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According to these chaps here, for example, the reason why the likes of Google and various other imitators big and small use mostly GeoIP techniques for choosing the UI language, even overriding the mechanism provided by HTTP for this purpose, is that “people don't know how to change that setting”.

Can anybody please point me to:

  1. Quantitative research that shows that a majority of browser users do not know how to change language settings?
  2. Quantitative research that shows that, in a majority of cases, GeoIP based language negotiation is a better predictor than HTTP-based negotiation. This includes the possible use of techniques other than Accept-Language, notably scanning the User-Agent string for cues as to the language of the browser interface and whether language preferences have been set to other than the default (e.g., multiple languages set in Accept-Language is a strong indicator that it has been explicitly set, as is having a language different than that deduced from User-Agent)?
  3. Qualitative research showing that the implications of getting it wrong with these GeoIP based methods are not worse than getting it wrong via HTTP negotiation? A typical example is when different linguistic communities live in the same State or share the same IP block, such as users based in Switzerland, Finland, Norway (bokmål vs nynorsk), etc. In some cases, this may provoke a fairly hostile reaction from the user, e.g., a Flemish-speaking user in Belgium, or a Catalan-speaking user in Spain.

The above questions deal with the initial choice of language for a new visitor. It does not concern the many other situations when one must deal with language negotiation after first contact, such as:

  • Registered users who have specified language preferences in their profile.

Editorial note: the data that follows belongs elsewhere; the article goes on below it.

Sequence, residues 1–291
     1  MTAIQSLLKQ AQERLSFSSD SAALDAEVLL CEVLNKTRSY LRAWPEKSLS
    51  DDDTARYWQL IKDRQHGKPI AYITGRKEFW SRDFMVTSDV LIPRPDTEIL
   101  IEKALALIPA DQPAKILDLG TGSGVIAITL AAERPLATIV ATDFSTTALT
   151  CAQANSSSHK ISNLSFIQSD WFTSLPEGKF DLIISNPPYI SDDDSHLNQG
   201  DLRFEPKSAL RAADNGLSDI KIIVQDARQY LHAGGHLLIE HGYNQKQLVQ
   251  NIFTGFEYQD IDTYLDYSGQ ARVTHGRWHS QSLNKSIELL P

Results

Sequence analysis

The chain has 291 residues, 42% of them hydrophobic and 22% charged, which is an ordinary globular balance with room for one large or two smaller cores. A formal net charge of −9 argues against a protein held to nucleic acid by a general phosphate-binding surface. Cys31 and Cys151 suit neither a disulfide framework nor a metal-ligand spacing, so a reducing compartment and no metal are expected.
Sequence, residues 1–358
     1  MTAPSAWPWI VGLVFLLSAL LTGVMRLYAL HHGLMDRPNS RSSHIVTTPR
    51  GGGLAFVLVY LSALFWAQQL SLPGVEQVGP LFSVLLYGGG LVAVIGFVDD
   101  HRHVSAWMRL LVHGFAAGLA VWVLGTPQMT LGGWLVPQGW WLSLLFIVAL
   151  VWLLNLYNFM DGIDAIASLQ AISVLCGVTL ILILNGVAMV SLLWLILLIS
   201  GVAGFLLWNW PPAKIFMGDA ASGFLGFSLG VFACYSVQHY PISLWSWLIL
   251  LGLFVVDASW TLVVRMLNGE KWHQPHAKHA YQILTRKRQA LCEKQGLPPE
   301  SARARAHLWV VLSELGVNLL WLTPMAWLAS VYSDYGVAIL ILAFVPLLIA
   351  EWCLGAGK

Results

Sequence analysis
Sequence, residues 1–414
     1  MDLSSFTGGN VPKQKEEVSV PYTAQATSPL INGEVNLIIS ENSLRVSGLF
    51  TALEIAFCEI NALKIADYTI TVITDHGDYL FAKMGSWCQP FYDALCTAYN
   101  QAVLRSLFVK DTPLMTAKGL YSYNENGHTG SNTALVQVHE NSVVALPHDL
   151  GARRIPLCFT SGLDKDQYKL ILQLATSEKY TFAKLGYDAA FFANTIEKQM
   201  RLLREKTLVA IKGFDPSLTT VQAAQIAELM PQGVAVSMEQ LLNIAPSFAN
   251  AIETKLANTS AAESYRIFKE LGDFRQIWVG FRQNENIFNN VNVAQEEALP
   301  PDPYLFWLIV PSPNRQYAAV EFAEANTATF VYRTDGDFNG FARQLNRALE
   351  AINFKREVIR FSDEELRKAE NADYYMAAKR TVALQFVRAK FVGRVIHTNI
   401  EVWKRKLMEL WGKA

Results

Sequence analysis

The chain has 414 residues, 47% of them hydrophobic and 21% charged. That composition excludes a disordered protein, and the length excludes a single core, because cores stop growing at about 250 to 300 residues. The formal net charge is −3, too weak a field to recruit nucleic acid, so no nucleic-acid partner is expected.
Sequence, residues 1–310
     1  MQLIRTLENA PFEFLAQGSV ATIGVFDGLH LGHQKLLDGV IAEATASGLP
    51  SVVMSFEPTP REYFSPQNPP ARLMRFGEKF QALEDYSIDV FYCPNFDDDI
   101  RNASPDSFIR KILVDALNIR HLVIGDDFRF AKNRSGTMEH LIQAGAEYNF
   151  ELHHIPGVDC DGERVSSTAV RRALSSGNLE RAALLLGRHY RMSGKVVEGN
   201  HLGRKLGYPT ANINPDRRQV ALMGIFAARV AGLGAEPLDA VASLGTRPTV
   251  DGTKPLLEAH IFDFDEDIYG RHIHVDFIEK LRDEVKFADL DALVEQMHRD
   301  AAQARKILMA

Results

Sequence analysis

• Return visitors who have explicitly or implicitly made a language choice.
  • Multilingual users (i.e., a majority of us in the EU and anecdotally, in the world) who at any point may switch between various versions of a multilingual site for a variety of reasons.
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    As a Flemish-speaking Belgian I get most sites in French. I appreciate the question and want to know an answer as well. My personal preference is OS-language-based and then by language choice, but that is not backed by any facts to justify a full answer. – levivanzele Apr 15 '16 at 9:24
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    This is a great topic, but you've included multiple big questions that are likely to result in either 1 few useful responses or 2 an unwieldy discussion of opinions. Can you reshape the question to focus on the experience of language selection and a single question about the right solution in a way that is less about implementation and more UX? – plainclothes Apr 15 '16 at 15:59
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    Regarding “people don't know how to change that setting”, to paraphrase George Carlin: "Think about how dumb the average user is, now realize half of em are dumber than that!" Also, this is a self-perpetuating problem because the more content providers attempt to relieve users of having to make a choice, the more resistance users will express to thinking and learning for themselves in the future. The website has no means of inferring user intent; there's no "Language-I-actually-asked-for-myself" HTTP header, so they opt to think for the user and provide their own language selector. +1 to you. – Patrick M Apr 19 '16 at 18:32
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    "showing that the implications of getting it wrong with these GeoIP based methods are not worse than getting it wrong via HTTP negotiation" No research, but if I go to an event in Finland, I don't want to suddenly start seeing everything in Finnish when I browse the web! And that's to not even mention Tor and friends. It seems perhaps reasonable to fall back to GeoIP-based selection if the client does not indicate a preference, but if it does, then please respect that choice if at all possible! (And serve some kind of language selection page if for whatever reason that's not possible.) – a CVn Apr 19 '16 at 21:28
  • This article suggests asking the user to select their preferred language and then remembering their choice (and flags up the problems you mention with using IP address etc) smashingmagazine.com/2014/12/… – Yvonne Aburrow Apr 25 '16 at 12:28
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Quantitative and Qualitative research will be hard to find. The Norman Nielsen Group do have an article on some aspects of what you are looking for, and also contains some guidance: https://www.nngroup.com/articles/international-web-usability/

The best advice seems to be, if you can detect the users language, then use this to default the language selector field. In this way there is a good chance the user will not need to change it, however, if it is not correct, the user can still change it to something more suitable.

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